During autoscopic phenomena, people perceive a double of themselves in extrapersonal space. Such clinical allocentric self-experiences often co-occur with auditory hallucinations, yet experimental setups to induce similar illusions in healthy participants have been limited to visual doubles. We investigated whether feeling the presence of an auditory double could be provoked in healthy participants and how it might affect spatial aspects of bodily self-consciousness. We recorded the own versus another person’s voice while walking around in the room using binaural headphones from an egocentric and an allocentric perspective. In comparison to listening to their own moving voice egocentrically, when listening to themselves allocentrically, participants reported a strong feeling of a presence with a similarly high degree of self-identification, suggesting a successful induction of the feeling of an acoustic doppelganger. When pointing to the source of the own voice participants localized it closer to themselves than when listening to another person’s voice, suggesting a change in spatial perception. Interestingly, the opposite pattern was found in participants that had previous hallucinatory experiences. These findings show that listening to one’s own voice allocentrically can manipulate bodily self-consciousness and self-related spatial perception. This paradigm enables the experimental study of the relationship between auditory vocal hallucinations and bodily self-consciousness, bridging important clinical phenomena and experimental knowledge.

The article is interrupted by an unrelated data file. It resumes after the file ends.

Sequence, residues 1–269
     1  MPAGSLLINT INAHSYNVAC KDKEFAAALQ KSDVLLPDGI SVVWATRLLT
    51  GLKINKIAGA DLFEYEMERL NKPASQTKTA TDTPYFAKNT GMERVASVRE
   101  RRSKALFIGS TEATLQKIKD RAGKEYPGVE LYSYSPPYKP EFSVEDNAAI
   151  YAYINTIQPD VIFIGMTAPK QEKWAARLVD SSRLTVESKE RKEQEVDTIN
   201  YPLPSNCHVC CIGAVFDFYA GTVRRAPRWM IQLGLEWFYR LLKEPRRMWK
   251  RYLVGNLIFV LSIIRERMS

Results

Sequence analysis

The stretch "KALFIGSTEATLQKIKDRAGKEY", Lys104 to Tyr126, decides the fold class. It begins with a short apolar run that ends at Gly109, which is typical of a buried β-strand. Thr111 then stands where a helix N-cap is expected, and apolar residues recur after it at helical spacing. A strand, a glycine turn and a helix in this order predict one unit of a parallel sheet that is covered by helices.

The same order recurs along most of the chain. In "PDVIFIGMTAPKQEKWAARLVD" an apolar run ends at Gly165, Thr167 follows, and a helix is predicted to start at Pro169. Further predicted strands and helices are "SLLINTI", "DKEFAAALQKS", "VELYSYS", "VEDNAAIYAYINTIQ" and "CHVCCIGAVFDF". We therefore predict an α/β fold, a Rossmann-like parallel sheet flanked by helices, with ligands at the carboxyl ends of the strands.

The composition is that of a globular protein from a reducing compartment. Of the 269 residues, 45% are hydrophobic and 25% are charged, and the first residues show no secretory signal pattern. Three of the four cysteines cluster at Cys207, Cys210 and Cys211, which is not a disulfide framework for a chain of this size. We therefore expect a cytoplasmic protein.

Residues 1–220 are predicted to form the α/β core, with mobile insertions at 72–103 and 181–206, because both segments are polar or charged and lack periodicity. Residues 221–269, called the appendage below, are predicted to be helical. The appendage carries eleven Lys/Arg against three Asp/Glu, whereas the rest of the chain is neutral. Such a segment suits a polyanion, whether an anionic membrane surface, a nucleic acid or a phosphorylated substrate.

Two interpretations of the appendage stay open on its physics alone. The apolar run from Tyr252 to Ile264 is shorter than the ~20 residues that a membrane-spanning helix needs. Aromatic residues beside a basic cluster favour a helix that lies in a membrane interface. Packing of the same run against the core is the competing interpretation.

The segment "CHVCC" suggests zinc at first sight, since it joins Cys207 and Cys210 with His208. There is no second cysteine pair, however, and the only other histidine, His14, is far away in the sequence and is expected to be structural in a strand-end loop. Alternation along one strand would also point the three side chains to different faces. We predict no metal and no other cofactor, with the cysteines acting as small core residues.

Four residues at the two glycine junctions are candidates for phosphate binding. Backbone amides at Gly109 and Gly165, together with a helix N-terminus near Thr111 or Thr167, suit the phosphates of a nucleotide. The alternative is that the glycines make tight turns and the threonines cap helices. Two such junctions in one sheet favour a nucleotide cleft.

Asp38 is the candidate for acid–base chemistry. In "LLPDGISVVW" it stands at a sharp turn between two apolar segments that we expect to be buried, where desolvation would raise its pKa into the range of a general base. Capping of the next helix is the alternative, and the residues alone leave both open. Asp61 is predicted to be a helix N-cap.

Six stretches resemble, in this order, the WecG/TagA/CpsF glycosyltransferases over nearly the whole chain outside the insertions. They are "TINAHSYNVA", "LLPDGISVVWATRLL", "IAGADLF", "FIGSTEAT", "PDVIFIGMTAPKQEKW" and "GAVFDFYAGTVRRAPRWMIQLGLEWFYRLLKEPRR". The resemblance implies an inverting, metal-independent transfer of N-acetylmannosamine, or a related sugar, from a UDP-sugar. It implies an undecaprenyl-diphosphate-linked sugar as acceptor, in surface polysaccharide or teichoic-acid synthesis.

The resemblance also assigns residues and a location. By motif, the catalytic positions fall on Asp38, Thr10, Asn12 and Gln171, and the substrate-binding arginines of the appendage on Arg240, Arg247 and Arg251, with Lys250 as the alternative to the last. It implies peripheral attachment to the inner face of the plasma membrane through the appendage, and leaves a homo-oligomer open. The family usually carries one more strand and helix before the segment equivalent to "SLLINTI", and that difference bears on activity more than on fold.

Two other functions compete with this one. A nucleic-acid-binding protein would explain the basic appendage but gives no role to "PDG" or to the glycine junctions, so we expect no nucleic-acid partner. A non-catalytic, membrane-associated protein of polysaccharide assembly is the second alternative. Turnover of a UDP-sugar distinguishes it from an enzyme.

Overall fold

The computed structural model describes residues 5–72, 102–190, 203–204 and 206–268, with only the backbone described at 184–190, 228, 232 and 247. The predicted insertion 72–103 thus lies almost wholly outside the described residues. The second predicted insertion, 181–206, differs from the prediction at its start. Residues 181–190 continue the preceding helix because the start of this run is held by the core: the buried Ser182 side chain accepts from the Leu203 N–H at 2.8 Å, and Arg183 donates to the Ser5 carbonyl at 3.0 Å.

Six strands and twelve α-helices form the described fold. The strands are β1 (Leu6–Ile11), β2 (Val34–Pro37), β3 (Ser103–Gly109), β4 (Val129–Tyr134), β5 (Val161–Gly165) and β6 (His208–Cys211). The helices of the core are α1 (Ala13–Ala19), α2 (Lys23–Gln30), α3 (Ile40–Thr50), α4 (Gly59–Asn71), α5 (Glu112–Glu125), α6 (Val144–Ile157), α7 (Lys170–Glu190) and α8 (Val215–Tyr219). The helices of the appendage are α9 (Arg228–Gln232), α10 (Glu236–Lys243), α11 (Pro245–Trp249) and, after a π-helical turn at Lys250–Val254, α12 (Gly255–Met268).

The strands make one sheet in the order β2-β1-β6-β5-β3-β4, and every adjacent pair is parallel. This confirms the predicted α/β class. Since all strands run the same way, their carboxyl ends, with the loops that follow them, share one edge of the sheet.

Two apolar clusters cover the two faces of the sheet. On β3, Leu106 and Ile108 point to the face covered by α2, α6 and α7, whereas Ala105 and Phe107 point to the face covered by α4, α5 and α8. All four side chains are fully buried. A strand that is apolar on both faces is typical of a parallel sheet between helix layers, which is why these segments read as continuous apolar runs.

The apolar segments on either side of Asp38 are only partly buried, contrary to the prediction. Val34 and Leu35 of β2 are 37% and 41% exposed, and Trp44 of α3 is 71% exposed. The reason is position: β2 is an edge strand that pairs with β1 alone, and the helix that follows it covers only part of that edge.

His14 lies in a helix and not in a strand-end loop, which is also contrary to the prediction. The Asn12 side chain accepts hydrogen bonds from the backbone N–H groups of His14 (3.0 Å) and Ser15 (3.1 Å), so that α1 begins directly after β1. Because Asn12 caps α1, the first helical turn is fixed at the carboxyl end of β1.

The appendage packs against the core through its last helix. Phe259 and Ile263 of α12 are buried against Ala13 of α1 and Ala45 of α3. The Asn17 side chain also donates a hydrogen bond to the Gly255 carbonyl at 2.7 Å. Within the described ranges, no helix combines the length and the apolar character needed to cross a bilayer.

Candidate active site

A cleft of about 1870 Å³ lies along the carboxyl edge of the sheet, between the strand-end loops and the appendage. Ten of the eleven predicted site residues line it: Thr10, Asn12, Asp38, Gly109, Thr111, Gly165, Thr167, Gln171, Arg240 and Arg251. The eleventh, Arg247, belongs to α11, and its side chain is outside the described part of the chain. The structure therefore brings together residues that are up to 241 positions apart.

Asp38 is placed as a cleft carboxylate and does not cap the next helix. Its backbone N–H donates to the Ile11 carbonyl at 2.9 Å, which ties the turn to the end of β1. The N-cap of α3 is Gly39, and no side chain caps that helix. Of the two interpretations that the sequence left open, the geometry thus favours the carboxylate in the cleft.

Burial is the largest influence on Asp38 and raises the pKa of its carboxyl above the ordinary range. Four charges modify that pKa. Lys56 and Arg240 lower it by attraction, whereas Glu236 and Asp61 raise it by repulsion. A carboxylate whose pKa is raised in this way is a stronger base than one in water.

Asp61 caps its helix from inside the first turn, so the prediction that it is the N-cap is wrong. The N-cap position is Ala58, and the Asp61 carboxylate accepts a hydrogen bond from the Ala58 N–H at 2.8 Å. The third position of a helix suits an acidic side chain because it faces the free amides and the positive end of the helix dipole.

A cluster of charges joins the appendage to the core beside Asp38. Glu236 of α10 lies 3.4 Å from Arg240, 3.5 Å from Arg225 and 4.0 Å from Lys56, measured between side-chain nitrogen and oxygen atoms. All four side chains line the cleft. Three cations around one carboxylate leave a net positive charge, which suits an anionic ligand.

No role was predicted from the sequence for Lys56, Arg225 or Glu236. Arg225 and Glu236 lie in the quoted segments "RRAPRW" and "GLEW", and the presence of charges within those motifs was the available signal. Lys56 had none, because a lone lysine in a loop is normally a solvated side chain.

bioRxiv Subject Collection: Neuroscience